As for the bodywork, all four fenders could be flared to accommodate (much) wider wheels, while spoilers, splitters and wings could be added. Doors, engine cover and bonnet, as well as the windows, could be made of other materials, as long as they remained interchangeable with the original parts. In other words, a rear wing could be added to the 911’s engine cover as long as an original part would still fit snugly in place on the Group 5 version of the car. Giant rear wings like that on Porsche’s 1974 Carrera RSR were banned by the CSI (the Commission Sportive Internationale, precursor to the FISA) by fine-tuning the regulations so that now the rear wing support had to stay within the vertical shadow of the wing, and stipulating that the wing could not pass the outline of the frontal area; in other words, it should not be seen when the car was viewed head-on.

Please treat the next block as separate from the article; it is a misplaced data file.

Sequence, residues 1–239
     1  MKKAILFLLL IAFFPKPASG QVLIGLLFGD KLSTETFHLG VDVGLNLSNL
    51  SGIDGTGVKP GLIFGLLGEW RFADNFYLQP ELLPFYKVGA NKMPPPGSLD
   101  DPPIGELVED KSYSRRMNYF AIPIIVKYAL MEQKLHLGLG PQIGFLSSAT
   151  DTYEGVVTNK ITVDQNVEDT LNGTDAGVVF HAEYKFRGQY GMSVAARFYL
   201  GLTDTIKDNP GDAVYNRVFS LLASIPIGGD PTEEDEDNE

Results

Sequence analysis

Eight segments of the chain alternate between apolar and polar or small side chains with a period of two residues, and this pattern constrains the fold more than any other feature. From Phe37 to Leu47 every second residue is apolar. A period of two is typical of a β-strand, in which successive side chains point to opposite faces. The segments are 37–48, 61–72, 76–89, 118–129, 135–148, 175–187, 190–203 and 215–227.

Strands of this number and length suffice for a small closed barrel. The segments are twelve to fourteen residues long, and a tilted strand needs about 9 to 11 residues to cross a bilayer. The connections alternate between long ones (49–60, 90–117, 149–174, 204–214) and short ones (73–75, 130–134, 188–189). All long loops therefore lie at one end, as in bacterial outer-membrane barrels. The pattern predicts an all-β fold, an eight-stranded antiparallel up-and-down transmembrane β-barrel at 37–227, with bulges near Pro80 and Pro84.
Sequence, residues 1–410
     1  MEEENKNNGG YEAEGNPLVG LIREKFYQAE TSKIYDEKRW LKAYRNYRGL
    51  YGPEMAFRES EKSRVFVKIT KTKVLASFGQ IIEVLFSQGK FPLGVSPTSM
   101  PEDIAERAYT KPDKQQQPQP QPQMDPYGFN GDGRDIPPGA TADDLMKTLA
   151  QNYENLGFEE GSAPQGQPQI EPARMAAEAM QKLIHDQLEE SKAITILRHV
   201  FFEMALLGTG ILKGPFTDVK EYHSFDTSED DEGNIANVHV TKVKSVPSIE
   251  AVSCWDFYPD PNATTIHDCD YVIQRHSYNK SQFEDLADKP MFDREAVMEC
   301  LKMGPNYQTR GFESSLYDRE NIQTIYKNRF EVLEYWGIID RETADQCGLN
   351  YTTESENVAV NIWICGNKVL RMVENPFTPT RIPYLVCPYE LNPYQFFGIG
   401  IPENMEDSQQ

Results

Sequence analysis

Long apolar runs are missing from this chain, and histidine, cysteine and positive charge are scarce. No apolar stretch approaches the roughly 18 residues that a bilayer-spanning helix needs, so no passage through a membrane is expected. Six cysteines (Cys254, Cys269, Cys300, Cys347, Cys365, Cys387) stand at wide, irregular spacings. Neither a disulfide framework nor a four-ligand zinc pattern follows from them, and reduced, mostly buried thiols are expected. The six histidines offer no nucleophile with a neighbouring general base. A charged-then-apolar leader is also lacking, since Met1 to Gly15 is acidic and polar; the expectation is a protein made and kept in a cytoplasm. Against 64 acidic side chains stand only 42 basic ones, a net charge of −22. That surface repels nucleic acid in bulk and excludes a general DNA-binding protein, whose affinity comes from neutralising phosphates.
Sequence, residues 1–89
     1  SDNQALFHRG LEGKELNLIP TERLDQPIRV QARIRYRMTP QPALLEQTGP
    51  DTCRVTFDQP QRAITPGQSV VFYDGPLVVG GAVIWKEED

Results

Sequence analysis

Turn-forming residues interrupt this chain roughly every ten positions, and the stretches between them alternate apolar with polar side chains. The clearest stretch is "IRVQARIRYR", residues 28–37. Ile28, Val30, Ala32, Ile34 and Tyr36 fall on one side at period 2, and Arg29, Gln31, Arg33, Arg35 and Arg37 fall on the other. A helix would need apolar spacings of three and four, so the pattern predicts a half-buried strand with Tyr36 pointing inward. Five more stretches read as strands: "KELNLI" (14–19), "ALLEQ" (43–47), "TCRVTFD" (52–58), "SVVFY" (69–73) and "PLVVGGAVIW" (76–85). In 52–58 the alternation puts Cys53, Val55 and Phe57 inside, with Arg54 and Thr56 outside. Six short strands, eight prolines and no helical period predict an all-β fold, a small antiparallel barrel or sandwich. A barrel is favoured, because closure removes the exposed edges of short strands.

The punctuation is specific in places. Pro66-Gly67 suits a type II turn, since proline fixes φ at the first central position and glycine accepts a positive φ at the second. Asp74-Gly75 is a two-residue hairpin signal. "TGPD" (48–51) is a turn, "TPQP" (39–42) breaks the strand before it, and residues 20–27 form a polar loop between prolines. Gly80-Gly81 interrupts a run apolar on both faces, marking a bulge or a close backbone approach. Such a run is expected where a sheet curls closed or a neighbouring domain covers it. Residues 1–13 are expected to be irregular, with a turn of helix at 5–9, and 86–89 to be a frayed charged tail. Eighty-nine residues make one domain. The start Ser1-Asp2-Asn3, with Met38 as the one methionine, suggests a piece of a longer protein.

Porsche’s new technical director in charge of road car-based race cars, Norbert Singer, probably knew better than any of his contemporary colleagues how to read the rules and regulations, and especially how to read what was not written. When the Porsche 935 made its debut in Mugello in 1976, it immediately caused a stir at scrutineering for the headlights had been relocated to the front fender, resulting in an aerodynamically much smoother front end which reduced drag and also produced more downforce. The scrutineers didn’t like it at all. However, with nothing in the rules relating to the shape of the fenders, they were forced to concede that it was legal. It wasn’t Porsche’s fault that they were the only ones with headlights sitting in the fenders while the other cars’ headlights sat in the radiator grille. By the end of the 1976 season, the rear fenders had been lengthened and sculpted to mimic an integrated wing shape, further increasing the aerodynamic efficiency of the car. Porsche won the championship from BMW at the final round in Dijon and while the boys from Munich persisted with their new 3 Series replacing the CSL, the Ford decision makers in Cologne decided to stick to the German national DRM championship instead and not to bother with trying to beat Porsche on the world forum.